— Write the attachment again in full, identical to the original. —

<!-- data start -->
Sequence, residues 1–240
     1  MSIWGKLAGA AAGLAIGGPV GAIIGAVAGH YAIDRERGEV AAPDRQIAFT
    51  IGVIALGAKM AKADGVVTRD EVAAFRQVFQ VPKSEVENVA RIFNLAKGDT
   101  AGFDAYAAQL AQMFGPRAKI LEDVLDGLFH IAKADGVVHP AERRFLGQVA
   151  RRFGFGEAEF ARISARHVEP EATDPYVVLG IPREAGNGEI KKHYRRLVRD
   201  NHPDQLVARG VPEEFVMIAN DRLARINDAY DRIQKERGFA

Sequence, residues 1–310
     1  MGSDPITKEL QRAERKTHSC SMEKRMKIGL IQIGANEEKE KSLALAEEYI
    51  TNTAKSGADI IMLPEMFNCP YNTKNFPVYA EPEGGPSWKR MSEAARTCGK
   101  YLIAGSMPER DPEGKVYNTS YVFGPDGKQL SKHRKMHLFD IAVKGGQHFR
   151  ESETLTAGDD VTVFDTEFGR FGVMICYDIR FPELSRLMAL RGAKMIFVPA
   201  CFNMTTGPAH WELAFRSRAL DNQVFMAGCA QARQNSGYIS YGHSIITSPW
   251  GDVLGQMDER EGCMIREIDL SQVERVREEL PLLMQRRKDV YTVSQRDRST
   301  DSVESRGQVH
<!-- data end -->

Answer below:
Sequence, residues 1–240
     1  MSIWGKLAGA AAGLAIGGPV GAIIGAVAGH YAIDRERGEV AAPDRQIAFT
    51  IGVIALGAKM AKADGVVTRD EVAAFRQVFQ VPKSEVENVA RIFNLAKGDT
   101  AGFDAYAAQL AQMFGPRAKI LEDVLDGLFH IAKADGVVHP AERRFLGQVA
   151  RRFGFGEAEF ARISARHVEP EATDPYVVLG IPREAGNGEI KKHYRRLVRD
   201  NHPDQLVARG VPEEFVMIAN DRLARINDAY DRIQKERGFA

Sequence, residues 1–310
     1  MGSDPITKEL QRAERKTHSC SMEKRMKIGL IQIGANEEKE KSLALAEEYI
    51  TNTAKSGADI IMLPEMFNCP YNTKNFPVYA EPEGGPSWKR MSEAARTCGK
   101  YLIAGSMPER DPEGKVYNTS YVFGPDGKQL SKHRKMHLFD IAVKGGQHFR
   151  ESETLTAGDD VTVFDTEFGR FGVMICYDIR FPELSRLMAL RGAKMIFVPA
   201  CFNMTTGPAH WELAFRSRAL DNQVFMAGCA QARQNSGYIS YGHSIITSPW
   251  GDVLGQMDER EGCMIREIDL SQVERVREEL PLLMQRRKDV YTVSQRDRST
   301  DSVESRGQVH